Pandya’s current obsession is developing his “milk" theme collection. “It’s a tough subject," he admits glumly, “But I’m putting together a one-frame exhibit." He also wants to get back to http://www.indianphilately.net/, a Hindi blog he started in 2009 as an information resource for schoolchildren and non-English speaking enthusiasts. “I hope non-philatelists read it too…they might understand why this subject is so fascinating to us."
Chhavi Mittal | Delhi
Till a family visit to her uncle’s south Delhi house in 2005, 13-year-old Chhavi Mittal didn’t know that there existed a world, in stamps, beyond Mahatma Gandhi. “I’d seen only Gandhi stamps being used at home and elsewhere," she says. “I didn’t know that there were so many beautiful stamps with different colours, designs and images. I never expected a stamp to smell of sandalwood!" Now 18, and the proud owner of an award-winning collection of peculiar postal items called “maxima cards", she says it was “kind of love at first sight between me and those stamps at the time".
Maxima cards, short for “maximum cards", involve taking a picture postcard with a certain image, such as the Taj Mahal, affixed with a stamp of the same Taj Mahal photo, and then preferably cancelled with a Taj Mahal stamp issued by the local postal department. Any card with all three elements is a maximum card, but more often than not, most philatelists manage to get only the postcard picture and stamp to match. The cancellation may be just a regular one, but preferably from the same city as the photograph.
It’s the challenge of getting all the elements in perfect combination that interests most “maximaphily" collectors, and Mittal is no different. In 2008, she recalls spending days convincing her parents to allow her to participate in the 6th Delhi Philatelic Exhibition. “I doubled my studying hours so that I could participate," she says. Her maxima card collection on pet and domesticated animals won her the bronze medal, and the doubled studying hours got her an enviable 87.8% in her class X board examination the same year. Even now, balancing her hobby and studies is a challenge. But the first-year psychology student at Delhi University still tries to do her research over weekends and attend as many philatelic meets as possible.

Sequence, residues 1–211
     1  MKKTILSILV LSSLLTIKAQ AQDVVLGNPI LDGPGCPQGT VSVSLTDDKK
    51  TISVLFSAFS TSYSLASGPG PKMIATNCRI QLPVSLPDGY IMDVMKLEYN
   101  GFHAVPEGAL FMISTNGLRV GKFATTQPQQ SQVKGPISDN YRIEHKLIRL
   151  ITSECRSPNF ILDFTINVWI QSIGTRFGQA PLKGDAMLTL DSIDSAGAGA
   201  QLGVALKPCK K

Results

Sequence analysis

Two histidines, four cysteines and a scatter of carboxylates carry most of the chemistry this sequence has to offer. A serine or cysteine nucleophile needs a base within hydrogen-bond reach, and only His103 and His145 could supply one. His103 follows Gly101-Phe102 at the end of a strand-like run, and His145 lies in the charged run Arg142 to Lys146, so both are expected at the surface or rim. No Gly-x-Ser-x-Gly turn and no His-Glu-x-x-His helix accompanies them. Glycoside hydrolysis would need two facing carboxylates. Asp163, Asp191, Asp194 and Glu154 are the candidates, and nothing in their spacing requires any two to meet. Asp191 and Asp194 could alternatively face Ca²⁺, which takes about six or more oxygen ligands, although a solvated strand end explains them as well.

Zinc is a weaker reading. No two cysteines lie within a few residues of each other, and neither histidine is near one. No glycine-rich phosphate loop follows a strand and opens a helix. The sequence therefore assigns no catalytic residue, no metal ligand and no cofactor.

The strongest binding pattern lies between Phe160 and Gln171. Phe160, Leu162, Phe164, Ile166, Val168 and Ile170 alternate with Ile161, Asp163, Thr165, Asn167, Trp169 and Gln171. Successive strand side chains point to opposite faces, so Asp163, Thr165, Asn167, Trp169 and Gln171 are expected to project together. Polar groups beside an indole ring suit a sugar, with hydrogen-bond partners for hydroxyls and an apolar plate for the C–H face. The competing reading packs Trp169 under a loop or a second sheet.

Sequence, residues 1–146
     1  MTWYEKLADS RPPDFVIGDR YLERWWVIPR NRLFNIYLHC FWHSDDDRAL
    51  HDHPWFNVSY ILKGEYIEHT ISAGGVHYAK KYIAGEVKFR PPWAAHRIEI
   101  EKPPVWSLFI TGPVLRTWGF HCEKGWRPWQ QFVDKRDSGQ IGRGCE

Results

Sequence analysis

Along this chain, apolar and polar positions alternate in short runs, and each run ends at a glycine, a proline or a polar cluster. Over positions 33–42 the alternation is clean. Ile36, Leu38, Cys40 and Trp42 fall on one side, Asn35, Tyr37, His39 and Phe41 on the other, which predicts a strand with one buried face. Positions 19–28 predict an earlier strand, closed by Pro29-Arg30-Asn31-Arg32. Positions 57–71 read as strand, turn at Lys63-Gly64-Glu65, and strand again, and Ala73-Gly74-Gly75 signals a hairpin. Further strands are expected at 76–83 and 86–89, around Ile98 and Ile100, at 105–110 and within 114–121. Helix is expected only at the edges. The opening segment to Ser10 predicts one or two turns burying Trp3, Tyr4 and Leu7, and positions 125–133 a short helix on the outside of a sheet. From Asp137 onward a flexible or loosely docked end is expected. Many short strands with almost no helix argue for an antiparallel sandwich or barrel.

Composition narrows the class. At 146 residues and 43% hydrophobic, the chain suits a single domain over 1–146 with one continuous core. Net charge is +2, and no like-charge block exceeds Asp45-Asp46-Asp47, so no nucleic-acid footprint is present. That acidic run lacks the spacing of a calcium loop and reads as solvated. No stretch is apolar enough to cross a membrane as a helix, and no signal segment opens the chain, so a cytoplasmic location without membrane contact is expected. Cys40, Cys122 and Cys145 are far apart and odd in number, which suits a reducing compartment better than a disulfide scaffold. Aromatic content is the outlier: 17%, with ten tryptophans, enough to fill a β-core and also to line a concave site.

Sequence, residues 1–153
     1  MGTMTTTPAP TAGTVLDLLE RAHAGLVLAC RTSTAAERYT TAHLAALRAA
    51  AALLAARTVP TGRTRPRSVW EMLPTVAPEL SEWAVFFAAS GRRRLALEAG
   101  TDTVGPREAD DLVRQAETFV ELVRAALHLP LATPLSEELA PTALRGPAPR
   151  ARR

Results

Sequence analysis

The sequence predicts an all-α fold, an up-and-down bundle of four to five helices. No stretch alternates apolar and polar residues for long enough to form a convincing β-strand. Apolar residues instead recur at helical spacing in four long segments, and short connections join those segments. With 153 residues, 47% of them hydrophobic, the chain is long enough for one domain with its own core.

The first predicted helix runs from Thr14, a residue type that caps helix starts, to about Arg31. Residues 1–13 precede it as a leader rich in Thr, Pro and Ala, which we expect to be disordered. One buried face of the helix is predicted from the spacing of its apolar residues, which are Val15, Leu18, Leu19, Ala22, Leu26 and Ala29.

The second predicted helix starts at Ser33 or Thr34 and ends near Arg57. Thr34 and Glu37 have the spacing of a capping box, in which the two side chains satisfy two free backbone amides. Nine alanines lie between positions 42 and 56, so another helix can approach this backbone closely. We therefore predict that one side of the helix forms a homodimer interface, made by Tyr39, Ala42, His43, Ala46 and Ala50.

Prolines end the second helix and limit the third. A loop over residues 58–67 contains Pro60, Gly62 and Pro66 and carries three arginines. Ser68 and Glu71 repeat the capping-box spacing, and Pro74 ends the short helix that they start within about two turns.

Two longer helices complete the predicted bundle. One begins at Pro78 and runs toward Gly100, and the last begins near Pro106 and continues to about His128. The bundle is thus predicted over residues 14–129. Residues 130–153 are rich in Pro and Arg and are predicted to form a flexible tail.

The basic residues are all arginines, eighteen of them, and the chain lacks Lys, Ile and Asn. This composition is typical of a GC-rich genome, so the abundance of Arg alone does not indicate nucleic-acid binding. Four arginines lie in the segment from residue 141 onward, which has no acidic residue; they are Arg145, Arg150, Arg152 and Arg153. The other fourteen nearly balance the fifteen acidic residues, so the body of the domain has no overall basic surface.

Her first card was a gift from her uncle, Ajay Kumar Mittal, a veteran philatelist. “Every time I met him I would ask him about his collection, what everything meant, and how I could win all those medals that were displayed at his home," she says. When her uncle realized Mittal was serious about the hobby, he gave her a rare, 1813-dated German mark card with pictures of horses on it to get her started. “That was my first card," Mittal says. “The most valuable too (the card is estimated to have an individual value of a couple of thousand rupees, though neither Mittal nor her uncle have got it evaluated)." Her choice of subject was aided by her fondness for animals. “I am scared of wild animals, but I love animals, especially those one can keep as pets, so I started collecting cards on dogs, cats, horses and even cattle," she says. At first, Mittal would buy picture postcards, affix the stamp and then mail it to herself in order to get the cancellation, but now she gets a lot of her cards from family, friends and the treasure trove that is eBay. “I don’t have to spend much right now, I just have generous friends," she laughs. Mittal’s success as a young philatelist has got her friends, classmates and even teachers interested. So much so that many started their own collections and one of her class teachers even presented her with a rare 1935 Canada picture postcard of a cowboy, with a 1982 stamp with the identical picture.
After all the time Mittal spends looking at the “pretty pictures" in her collection, she hopes to have a pet dog of her own soon too. But, of course, the parents would need to be convinced first.